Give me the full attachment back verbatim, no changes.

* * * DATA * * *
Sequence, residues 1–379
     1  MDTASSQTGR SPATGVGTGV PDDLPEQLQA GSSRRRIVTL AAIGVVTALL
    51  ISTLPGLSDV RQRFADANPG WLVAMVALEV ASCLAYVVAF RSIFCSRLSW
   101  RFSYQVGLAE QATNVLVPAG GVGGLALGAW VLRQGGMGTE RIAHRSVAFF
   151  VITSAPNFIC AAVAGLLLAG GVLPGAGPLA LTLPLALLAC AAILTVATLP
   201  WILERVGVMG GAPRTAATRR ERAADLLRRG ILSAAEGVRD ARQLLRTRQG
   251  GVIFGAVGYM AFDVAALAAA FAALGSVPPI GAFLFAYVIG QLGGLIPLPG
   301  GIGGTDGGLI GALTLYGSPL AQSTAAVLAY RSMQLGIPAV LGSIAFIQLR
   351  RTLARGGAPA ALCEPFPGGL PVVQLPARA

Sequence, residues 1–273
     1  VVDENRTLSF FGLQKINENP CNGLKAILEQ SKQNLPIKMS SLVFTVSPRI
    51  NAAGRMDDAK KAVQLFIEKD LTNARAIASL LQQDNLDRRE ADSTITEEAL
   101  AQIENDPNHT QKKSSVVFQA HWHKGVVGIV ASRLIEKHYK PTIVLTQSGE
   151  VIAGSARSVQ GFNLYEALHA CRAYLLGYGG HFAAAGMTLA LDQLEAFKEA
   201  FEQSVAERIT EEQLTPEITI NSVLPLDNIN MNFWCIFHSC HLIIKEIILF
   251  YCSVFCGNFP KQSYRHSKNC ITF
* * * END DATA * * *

Sequence, residues 1–379
     1  MDTASSQTGR SPATGVGTGV PDDLPEQLQA GSSRRRIVTL AAIGVVTALL
    51  ISTLPGLSDV RQRFADANPG WLVAMVALEV ASCLAYVVAF RSIFCSRLSW
   101  RFSYQVGLAE QATNVLVPAG GVGGLALGAW VLRQGGMGTE RIAHRSVAFF
   151  VITSAPNFIC AAVAGLLLAG GVLPGAGPLA LTLPLALLAC AAILTVATLP
   201  WILERVGVMG GAPRTAATRR ERAADLLRRG ILSAAEGVRD ARQLLRTRQG
   251  GVIFGAVGYM AFDVAALAAA FAALGSVPPI GAFLFAYVIG QLGGLIPLPG
   301  GIGGTDGGLI GALTLYGSPL AQSTAAVLAY RSMQLGIPAV LGSIAFIQLR
   351  RTLARGGAPA ALCEPFPGGL PVVQLPARA

Sequence, residues 1–273
     1  VVDENRTLSF FGLQKINENP CNGLKAILEQ SKQNLPIKMS SLVFTVSPRI
    51  NAAGRMDDAK KAVQLFIEKD LTNARAIASL LQQDNLDRRE ADSTITEEAL
   101  AQIENDPNHT QKKSSVVFQA HWHKGVVGIV ASRLIEKHYK PTIVLTQSGE
   151  VIAGSARSVQ GFNLYEALHA CRAYLLGYGG HFAAAGMTLA LDQLEAFKEA
   201  FEQSVAERIT EEQLTPEITI NSVLPLDNIN MNFWCIFHSC HLIIKEIILF
   251  YCSVFCGNFP KQSYRHSKNC ITF